Date of Award

Spring 5-6-2022

Level of Access Assigned by Author

Open-Access Thesis

Degree Name

Master of Science (MS)


Quaternary and Climate Studies


Daniel H. Sandweiss

Second Committee Member

Alice R. Kelley

Third Committee Member

Kirk A. Maasch

Additional Committee Members

Shaleen Jain


Within coastal Andean archaeology there is a growing emphasis on the roles of hydrology and hydrological knowledge in Andean strategies for water management, settlement, and land use. Hydrological methods can not only help reconstruct past water environments but also illuminate the influence of changing climates and conditions in the Andean highlands on coastal water flows. Through a case study of the Supe River basin in north-central coastal Peru, focusing on the period from 5000 to 3000 calibrated radiocarbon years before present (cal. BP), I review several hydrological methods useful for archaeological study. I then combine these to develop a paleohydrological model that provides a basis for comparing the hydrological effects of changing climates, environmental factors, and settlement and land use patterns.

Recognizing the importance of Andean highland climates on coastal river flows, I begin by developing a paleoclimate synthesis for the Norte Chico region (i.e., the Fortaleza, Pativilca, Supe, and Huaura basins) from 6000 to 2000 cal. BP. There has been considerable paleoclimate research in both the highlands and the coast but only limited efforts to develop these records into a coherent narrative of basin-wide climate patterns. Through a review of 21 studies spanning the tropical Andes, the central Andean highlands, the Altiplano, and the Peruvian coast, I identify three millennial-scale periods defined by distinct climatic transitions affecting the highlands and/or the coast: 6000-4000 cal. BP, 4000-3200 cal. BP, and 3200-2000 cal. BP.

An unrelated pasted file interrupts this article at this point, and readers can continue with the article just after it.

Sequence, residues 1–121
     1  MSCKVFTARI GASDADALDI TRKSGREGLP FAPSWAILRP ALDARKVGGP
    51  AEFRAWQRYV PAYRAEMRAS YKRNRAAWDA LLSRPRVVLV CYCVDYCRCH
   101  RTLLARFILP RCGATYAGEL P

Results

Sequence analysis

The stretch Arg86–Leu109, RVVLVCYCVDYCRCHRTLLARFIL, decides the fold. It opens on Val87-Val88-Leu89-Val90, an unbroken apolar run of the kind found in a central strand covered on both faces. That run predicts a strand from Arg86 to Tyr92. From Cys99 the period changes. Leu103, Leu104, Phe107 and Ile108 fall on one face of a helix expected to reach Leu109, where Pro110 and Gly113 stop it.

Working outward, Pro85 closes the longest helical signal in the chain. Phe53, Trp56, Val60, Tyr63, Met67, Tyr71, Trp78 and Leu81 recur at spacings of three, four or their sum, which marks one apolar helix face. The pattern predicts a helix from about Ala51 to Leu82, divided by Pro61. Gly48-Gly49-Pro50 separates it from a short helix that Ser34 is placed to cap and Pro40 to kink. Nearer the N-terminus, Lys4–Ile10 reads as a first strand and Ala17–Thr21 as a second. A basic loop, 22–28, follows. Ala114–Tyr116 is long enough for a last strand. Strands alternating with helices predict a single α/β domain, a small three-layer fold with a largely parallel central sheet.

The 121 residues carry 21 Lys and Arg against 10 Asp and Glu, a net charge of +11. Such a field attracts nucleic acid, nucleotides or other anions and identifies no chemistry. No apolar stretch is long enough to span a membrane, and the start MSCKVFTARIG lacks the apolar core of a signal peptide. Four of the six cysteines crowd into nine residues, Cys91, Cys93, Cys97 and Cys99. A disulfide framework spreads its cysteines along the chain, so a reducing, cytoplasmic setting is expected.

I then apply paleohydrological methods, which are largely grounded in geospatial analysis in a geographic information system. The first method is drainage network modeling from a digital elevation model, which defines stream networks and catchments for a study area. The second method is delineation of hydrological response units (HRUs), which are areas that have similar hydrological dynamics. The HRU model uses climate-based parameters derived from the paleoclimate synthesis to create a spatial layer of climate regions and combines these with geological and soils layers to define discrete units of shared characteristics. Although both methods provide useful context on their own, I combine them through a qualitative assessment of hydrological dynamics within and between each of the HRUs, tracing their effects on surface and ground water flows from the highest elevations through inland valleys to the coast. This is the core of the paleohydrological model.

The hydrological conditions suggested by the model provide a basis for considering how Supe Valley settlement patterns relate to intra-basin and temporal variations in water availability, access to water and irrigable land, and flood risk. The study period is characterized by intensified settlement and agriculture in the inland valleys of the Norte Chico region between 5000 and 4000 cal. BP followed by marked shifts in the fortunes of certain settlements with a long-term decline in activity. The analysis calls into question previous hypotheses regarding social organization in the Supe Valley, irrigation practices, and the contribution of environmental processes to the region’s decline and suggests directions for future research to clarify these developments.